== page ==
Last week, poetry critic David Orr published a great piece (“Versions: Tomas Transtromer’s Poems and the Art of Translation“) in the New York Times about two competing English translators of Swedish poet (and recent Nobel laureate) Tomas Transtromer’s work. While it’s typical, Orr explains, for Nobel laureates “outside the Anglophone world” to experience “a fair amount of pushing and shoving among your translators (if you have any)…”
…[T]he most interesting debates over English versions of [Transtromer’s] work actually took place before his Nobel victory. In this case, the argument went to the heart of the translator’s function and occurred mostly in The Times Literary Supplement. The disputants were Fulton, one of Transtromer’s longest-serving translators, and Robertson, who has described his own efforts as “imitations.” Fulton accused Robertson (who doesn’t speak Swedish) of borrowing from his more faithful versions while inserting superfluous bits of Robertson’s own creation — in essence, creating poems that are neither accurate translations nor interesting departures. Fulton rolled his eyes at “the strange current fashion whereby a ‘translation’ is liable to be praised in inverse proportion to the ‘translator’s’ knowledge of the original language.” Robertson’s supporters countered that Fulton was just annoyed because Robertson was more concerned with the spirit of the poems than with getting every little kottbulle exactly right.
Orr then goes on to examine–in really a very illuminating fashion–the tonal/metaphorical/stylistic variations between the two translators’ versions of Transtromer’s work, and how those do (and don’t) reflect back on the originals. (His thoughtful but accessible analysis of the few Transtromer poems in the article actually makes a very convincing sell for Orr’s forthcoming book, Beautiful & Pointless, a guide to poetry in which he “argues that readers should accept the foreignness of poetry in the way that they accept the strangeness of any place to which they haven’t traveled—that they should expect a little confusion, at least at first.”)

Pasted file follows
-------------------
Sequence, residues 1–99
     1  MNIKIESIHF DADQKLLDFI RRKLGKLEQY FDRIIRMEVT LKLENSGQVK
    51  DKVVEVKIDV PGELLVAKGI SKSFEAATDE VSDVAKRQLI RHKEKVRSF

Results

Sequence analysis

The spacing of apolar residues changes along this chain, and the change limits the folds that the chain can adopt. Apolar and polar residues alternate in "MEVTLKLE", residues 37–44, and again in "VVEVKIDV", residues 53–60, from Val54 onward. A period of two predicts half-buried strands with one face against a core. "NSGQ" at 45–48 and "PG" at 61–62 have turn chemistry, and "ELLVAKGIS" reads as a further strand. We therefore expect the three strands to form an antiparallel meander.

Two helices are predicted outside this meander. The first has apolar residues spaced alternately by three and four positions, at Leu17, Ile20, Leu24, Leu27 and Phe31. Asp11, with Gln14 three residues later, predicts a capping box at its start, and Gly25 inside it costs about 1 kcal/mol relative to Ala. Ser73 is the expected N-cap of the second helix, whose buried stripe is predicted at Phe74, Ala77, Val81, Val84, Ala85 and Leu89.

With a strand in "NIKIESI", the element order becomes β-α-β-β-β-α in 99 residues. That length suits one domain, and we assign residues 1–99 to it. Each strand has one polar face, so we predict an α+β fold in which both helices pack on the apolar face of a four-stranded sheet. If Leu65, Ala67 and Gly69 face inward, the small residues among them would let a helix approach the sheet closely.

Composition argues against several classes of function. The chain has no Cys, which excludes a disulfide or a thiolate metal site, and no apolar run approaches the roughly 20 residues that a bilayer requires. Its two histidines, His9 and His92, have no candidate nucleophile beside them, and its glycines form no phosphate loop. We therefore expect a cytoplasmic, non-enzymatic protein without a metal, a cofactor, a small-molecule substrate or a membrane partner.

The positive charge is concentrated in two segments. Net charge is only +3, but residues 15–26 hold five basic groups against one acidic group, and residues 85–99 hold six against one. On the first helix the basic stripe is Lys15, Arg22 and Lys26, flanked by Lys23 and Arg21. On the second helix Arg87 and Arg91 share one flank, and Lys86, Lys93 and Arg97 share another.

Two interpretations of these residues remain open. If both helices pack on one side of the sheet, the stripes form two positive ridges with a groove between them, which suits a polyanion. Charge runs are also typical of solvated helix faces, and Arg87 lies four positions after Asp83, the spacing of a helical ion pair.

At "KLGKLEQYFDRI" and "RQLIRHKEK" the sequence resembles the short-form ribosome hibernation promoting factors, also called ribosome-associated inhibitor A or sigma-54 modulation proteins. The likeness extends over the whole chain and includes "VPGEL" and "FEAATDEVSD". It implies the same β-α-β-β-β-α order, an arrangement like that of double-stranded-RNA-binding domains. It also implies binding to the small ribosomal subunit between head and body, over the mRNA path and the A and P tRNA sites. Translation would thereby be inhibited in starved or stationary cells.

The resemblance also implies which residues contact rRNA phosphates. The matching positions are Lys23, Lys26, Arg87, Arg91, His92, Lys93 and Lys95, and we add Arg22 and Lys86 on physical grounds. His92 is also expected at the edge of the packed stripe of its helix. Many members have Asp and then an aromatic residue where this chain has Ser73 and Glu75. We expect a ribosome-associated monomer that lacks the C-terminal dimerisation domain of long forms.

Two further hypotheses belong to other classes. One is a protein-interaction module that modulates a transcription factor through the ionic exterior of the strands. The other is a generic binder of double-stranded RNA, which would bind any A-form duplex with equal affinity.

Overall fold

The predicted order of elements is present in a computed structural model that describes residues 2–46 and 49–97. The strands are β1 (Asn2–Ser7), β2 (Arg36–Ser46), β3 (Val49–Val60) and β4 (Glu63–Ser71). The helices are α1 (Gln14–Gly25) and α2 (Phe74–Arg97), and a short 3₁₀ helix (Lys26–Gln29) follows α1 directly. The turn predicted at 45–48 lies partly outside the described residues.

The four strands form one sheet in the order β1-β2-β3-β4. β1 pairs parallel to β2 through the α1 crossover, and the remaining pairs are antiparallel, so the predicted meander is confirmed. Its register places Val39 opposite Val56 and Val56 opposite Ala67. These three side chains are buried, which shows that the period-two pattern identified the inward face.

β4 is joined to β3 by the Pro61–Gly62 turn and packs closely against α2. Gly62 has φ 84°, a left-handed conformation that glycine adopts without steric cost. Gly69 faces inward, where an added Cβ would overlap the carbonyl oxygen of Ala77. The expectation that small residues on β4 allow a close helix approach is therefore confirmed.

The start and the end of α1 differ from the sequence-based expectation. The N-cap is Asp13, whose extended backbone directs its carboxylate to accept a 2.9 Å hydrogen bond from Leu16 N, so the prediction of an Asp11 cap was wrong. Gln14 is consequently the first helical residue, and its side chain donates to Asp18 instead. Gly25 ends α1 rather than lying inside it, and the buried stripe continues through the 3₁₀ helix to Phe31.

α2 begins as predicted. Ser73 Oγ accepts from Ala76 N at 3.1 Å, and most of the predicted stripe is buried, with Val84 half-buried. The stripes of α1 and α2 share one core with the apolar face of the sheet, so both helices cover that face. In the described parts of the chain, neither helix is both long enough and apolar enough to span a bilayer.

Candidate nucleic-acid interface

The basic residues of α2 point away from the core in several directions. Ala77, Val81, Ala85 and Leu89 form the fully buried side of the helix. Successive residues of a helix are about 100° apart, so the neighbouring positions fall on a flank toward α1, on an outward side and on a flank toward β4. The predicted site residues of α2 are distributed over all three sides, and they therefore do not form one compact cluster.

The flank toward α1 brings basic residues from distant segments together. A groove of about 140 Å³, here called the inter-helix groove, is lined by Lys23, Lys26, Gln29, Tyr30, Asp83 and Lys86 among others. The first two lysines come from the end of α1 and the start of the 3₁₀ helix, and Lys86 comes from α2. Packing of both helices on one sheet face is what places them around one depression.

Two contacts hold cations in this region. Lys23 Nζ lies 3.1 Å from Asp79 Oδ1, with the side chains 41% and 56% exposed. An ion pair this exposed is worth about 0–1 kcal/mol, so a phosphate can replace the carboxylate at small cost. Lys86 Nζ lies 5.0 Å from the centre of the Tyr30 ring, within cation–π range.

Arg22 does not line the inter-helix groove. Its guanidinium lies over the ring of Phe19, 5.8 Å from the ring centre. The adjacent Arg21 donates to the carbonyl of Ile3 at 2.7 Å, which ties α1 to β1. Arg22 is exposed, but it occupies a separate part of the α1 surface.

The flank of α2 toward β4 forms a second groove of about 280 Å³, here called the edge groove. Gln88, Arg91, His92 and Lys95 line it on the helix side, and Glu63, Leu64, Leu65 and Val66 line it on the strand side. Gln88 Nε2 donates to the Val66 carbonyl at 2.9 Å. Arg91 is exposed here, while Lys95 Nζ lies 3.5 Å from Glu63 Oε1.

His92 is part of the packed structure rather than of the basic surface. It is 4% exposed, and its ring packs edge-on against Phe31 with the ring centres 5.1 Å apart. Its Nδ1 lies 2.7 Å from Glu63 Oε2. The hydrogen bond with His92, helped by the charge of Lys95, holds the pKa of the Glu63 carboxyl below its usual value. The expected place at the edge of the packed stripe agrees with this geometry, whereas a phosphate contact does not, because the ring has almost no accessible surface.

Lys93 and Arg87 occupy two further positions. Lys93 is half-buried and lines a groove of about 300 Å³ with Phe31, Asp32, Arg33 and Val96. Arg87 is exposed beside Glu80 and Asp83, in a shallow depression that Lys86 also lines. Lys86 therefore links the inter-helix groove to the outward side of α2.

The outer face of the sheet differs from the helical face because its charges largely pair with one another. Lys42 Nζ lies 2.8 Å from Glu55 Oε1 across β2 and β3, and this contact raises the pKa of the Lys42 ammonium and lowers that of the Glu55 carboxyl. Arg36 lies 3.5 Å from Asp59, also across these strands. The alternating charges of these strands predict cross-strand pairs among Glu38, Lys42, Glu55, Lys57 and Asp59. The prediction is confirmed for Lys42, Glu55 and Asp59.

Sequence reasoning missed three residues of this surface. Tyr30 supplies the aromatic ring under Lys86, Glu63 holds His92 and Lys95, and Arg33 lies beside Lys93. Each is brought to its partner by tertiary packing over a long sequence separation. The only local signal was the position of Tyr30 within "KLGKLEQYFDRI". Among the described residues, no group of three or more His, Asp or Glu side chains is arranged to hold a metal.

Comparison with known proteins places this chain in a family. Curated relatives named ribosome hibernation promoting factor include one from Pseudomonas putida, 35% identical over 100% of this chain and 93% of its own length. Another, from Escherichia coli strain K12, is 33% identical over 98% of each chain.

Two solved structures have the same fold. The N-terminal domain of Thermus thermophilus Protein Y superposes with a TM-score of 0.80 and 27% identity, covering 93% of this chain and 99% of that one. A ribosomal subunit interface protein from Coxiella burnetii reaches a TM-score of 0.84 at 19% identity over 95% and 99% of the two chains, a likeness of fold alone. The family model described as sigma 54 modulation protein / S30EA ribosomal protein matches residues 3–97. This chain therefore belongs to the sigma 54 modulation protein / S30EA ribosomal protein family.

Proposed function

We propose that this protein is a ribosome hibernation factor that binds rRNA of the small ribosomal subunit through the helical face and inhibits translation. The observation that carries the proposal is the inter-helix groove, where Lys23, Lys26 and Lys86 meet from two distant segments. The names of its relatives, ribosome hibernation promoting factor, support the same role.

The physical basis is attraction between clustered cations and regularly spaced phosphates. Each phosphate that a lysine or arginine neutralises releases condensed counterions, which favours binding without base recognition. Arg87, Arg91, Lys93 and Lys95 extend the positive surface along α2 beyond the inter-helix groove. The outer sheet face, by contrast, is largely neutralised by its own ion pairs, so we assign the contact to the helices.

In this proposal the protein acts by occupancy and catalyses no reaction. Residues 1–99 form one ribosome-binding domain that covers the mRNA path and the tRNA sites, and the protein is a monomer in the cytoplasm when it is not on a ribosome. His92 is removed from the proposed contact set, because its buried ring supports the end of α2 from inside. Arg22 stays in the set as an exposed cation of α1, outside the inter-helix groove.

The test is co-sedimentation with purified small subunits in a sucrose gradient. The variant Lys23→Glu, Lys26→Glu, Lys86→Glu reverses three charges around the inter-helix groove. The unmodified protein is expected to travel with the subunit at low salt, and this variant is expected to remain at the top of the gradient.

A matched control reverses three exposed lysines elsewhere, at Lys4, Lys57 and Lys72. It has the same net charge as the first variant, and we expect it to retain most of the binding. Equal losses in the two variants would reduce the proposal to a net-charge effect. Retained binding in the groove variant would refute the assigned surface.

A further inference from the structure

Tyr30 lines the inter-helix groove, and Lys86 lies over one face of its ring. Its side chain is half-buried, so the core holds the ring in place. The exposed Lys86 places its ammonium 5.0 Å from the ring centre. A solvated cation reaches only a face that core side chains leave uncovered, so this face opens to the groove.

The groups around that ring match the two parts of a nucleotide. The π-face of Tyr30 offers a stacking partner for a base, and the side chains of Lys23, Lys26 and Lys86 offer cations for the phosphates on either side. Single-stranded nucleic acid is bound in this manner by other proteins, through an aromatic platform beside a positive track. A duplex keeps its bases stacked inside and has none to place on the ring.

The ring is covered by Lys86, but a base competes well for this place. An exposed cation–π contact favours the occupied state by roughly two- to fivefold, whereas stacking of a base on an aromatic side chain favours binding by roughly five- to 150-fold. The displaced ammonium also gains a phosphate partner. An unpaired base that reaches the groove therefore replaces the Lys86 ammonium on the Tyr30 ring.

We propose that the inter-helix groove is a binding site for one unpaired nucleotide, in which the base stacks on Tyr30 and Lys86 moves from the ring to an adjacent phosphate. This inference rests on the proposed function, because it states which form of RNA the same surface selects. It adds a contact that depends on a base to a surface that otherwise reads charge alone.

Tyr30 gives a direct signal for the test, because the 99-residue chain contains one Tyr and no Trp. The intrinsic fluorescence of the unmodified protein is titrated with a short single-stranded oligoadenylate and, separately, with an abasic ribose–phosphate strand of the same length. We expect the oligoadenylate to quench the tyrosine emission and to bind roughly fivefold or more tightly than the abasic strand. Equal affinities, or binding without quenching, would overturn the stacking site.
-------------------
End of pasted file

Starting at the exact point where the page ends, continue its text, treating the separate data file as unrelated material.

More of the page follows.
Orr’s explanation of why Transtromer’s poetry is “exactly the sort of writing that tends to do well in translation, at least in theory” is also useful. As he explains,
“The plainer a poem looks — the less it relies on extremities of form, diction or syntax — the more we assume that even a translator with no knowledge of the original language will be able to produce a reasonable match for what the poem feels like in its first incarnation.”
Ultimately, Orr is skeptical of Robertson’s “alterations,” although he concedes that they “do a fine job of conveying a poem’s spirit.” But what I found perhaps the most interesting about the article is that Orr does not dismiss out of hand the possibility that Robertson could have produced a successful version of Transtromer’s work, even though he doesn’t understand Swedish. Instead, he looks at two shot poems in alternate translations by the two translators and comes to the conclusion that in Robertson’s versions, “The changes generally make Transtromer less, well, strange and more typically ‘poetic.'”
For my own part, I have to say that I audibly tsked when I read that Robertson didn’t speak Swedish and had used, presumably, other (English) translations to render his own versions. It sounded to me more like a cover song (a parallel Orr draws himself late in the article), or an homage, maybe–but not a translation.
I won’t use this as a moment to completely digress into debates about translation theory and practice (which honestly, I’m not even fully equipped to have yet), but suffice to say that maybe before completely writing off Robertson’s viability as a translator, I should have taken Orr’s approach and considered–for one–how his ‘translations’ were or weren’t appropriate for the medium. After all, there have been scenarios in which “twice-removed translations” have been successful.
I’m referring in particular to the English translations (by David Bellos) of Albanian author Ismail Kadare’s works. For a whole host of viable–and fascinating–reasons, Kadare’s novels have almost entirely been translated into English not from Albanian, but from French. Kadare not only hasn’t minded that his works have been translated in this manner, he’s preferred it.
The history of Kadare’s body of work and its later translations is complicated (and again–really, really interesting), so when the Orr piece got me thinking about “re-translation,” I took the opportunity to re-read a piece that Bellos wrote in 2005 called “The Englishing of Ismail Kadare: Notes of a retranslator.” I would highly recommend this (short) piece, if any of the above topics are of interest. As with everything Bellos writes about translation, it’s sensible, articulate, and nuanced, and provides a fresh lens through which to consider the roles of translation and translators.